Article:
6 Temporary Modifications for Car Leases
If you don’t own your car but you want to add some spice to it, here are some suggestions for temporary, reversible modifications.
Upgrade your wheels. Do you want your car to look sportier? Tougher? Classier? Do you want to use it for a type of driving other than that which the vehicle was intended? Wheels are now available in a variety of designs to change the way your car looks and drives. If that seems too expensive (nice tires can cost up to $1,000), try looking on Craigslist, Amazon or EBay for nice used ones, overstocks and discounted sellers.
Tinted Windows add an element of mystery to a car. Plus, the tint acts like sunglasses while you drive. Just be careful with the installment of tint; it’s very easy to get bubbles, creases and fingerprints while laying tint down. Also, learn the local laws; some places don’t allow tint at all, some only on the back windows and some only up to a specified darkness.
Vinyl Wrap. Up to now, if you leased a car and didn’t like the color, you had to live with it anyway. With vinyl wrap, you can temporarily change any part of the color and the wrap won’t harm the car’s actual paint. As with tinting, you might want to have a professional install it; there are too many things that could go wrong during installation that could make the car look ridiculous versus dashing.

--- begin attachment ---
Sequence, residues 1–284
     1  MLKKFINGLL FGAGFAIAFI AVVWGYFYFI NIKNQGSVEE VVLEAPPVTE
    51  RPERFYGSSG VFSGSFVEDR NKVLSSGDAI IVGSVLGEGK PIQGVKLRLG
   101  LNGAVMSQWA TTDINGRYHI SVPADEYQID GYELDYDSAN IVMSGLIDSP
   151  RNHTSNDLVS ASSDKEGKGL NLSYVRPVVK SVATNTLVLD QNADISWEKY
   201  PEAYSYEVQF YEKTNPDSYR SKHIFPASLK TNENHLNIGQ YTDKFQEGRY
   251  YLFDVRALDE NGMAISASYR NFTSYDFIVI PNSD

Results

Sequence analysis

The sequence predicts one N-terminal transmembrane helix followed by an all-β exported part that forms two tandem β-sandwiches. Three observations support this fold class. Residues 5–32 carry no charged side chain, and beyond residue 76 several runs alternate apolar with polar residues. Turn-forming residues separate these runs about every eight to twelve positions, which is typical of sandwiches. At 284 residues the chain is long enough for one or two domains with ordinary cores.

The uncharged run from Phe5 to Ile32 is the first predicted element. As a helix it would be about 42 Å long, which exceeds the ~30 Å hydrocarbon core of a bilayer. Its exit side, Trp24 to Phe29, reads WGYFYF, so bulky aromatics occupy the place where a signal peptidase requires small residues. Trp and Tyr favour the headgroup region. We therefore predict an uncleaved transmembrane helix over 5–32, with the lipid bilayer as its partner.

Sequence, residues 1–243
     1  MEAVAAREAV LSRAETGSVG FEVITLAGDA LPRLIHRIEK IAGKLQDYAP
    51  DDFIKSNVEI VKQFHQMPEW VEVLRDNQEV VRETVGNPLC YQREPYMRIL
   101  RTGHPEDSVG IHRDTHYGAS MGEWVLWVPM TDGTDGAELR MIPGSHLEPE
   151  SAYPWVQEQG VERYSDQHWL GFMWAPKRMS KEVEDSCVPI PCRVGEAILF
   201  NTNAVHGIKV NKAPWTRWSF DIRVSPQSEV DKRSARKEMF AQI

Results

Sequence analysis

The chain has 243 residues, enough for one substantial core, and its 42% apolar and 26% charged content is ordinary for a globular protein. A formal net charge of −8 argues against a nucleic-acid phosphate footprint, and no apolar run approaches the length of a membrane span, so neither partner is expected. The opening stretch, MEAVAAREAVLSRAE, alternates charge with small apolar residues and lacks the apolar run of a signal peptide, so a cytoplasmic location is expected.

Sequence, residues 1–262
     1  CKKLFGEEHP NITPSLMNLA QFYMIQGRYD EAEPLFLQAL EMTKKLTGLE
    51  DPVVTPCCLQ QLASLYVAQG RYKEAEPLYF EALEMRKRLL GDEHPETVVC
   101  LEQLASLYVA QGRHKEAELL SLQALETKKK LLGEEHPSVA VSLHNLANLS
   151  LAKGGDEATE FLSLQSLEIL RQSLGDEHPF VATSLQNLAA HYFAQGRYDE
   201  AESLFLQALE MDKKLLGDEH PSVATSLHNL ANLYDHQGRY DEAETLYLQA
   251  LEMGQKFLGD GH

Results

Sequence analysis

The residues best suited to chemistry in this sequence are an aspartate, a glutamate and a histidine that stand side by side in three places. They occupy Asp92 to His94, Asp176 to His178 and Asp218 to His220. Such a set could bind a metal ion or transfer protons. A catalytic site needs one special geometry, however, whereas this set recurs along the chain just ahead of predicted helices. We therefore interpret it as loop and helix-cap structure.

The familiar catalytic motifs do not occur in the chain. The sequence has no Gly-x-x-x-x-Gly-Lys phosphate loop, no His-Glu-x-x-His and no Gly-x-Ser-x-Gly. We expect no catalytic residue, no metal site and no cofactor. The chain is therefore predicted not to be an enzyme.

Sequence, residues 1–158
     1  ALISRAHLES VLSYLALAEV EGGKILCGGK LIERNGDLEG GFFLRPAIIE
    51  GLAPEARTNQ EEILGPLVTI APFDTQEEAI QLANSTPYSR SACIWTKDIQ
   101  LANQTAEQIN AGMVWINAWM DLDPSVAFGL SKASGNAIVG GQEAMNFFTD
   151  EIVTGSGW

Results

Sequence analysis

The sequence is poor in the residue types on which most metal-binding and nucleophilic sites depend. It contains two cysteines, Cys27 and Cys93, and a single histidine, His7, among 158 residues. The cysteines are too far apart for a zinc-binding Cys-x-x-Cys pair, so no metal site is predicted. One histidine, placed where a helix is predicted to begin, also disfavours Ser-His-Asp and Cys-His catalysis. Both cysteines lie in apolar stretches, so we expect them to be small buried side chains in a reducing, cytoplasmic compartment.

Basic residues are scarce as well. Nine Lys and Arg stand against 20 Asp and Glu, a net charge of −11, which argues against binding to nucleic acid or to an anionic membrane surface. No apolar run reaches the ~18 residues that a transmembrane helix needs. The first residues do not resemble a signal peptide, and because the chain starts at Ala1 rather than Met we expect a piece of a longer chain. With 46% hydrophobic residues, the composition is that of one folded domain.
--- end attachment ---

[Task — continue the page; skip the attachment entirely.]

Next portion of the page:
Plasti Dip is a spray-on color that was created as a rubberized coating for the handles of pliers and hedge clippers. It gives a low-gloss rubbery finish to any part of the car the driver wants to highlight, and it peels off when you want to change the color or you just want to remove it. A variety of colors are available and you can buy a kit to change an entire car.
Switch out Parts. Some car models may be pre-wired for back-up cameras, premium stereo systems and navigation systems—they just aren’t necessarily used. If you do the right research, you can find out which parts—electronic and otherwise—can be swapped out for something newer, fancier or just different. Make sure you don’t damage the original part—or the area around it on the car—when you add or remove the piece because that will be a problem when you return the car.